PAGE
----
After couple of days of pure hell getting things transferred and set-up, here we are. I don’t want to even think of the billable hour cost for most people making this happen. Change is traumatic.

Ended up going with it has cpanel, email, and WordPress. I was about theeeesclose to going with’s paid plan (huge huge thanks to the wonderful Jeremy Massel). In the end, there were just too many compromises. Even with siteground there were compromises, but at least it’s not Bluehost.

Thank you to everyone for your advice and recs and patience. The only thing I regret is that I forgot to get someone a referral from all this. I apologize.

If you wrote to me in the last day and it was important please try writing again just in case… There was a period of outage where the old mail hadn’t finished updating and the new mail wasn’t fully configured.

I still have to set up my mail on a bunch of different devices, so off to do that…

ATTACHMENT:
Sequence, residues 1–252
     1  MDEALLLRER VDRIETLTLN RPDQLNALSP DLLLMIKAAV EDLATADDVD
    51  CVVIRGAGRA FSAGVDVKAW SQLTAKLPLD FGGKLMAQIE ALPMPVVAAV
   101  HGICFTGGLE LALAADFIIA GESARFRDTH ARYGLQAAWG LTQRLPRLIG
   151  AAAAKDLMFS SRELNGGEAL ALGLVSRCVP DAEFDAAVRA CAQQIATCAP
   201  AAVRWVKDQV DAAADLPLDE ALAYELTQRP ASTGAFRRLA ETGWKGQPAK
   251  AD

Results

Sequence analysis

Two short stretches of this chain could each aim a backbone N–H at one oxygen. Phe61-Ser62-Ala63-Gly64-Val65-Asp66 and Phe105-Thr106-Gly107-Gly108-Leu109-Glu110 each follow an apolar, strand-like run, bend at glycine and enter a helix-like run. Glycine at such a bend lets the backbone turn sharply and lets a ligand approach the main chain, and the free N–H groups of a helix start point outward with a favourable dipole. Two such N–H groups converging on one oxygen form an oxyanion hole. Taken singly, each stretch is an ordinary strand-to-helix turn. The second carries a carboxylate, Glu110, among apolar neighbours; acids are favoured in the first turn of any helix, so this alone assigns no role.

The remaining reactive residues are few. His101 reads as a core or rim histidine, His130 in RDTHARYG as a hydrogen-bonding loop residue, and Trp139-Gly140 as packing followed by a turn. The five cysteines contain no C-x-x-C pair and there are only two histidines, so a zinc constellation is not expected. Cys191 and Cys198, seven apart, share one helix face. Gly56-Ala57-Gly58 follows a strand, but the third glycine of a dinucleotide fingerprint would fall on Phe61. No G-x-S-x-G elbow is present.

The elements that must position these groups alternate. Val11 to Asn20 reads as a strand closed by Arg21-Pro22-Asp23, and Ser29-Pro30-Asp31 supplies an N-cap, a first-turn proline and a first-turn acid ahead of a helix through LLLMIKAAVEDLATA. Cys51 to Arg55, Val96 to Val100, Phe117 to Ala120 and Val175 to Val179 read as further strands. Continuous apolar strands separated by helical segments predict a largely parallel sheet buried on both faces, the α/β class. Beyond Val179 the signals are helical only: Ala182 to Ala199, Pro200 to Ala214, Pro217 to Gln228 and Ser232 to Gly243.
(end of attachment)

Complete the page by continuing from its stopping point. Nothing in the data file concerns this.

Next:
Fleeing Bluehost: It’s crunch time

I have under 30 days to move from Bluehost or I’ll be locked into another year. If you don’t recall, Bluehost is infuriating. It shuts down whenever I have a traffic spike. Its SSL certificates are not automatically renewed, so every 90 days or so things fail.

My email is associated with unifiedlayer, one of the worst spam providers, which means that a lot of my outgoing email never arrives. Every time I need tech support, they try to upsell me to yet another paid service. The fees have increased and increased over time.

While I’d really love to have a statically generated site, I’m not willing to give up comments. I’m sticking with WordPress as the least turbulent solution unless someone has a better idea.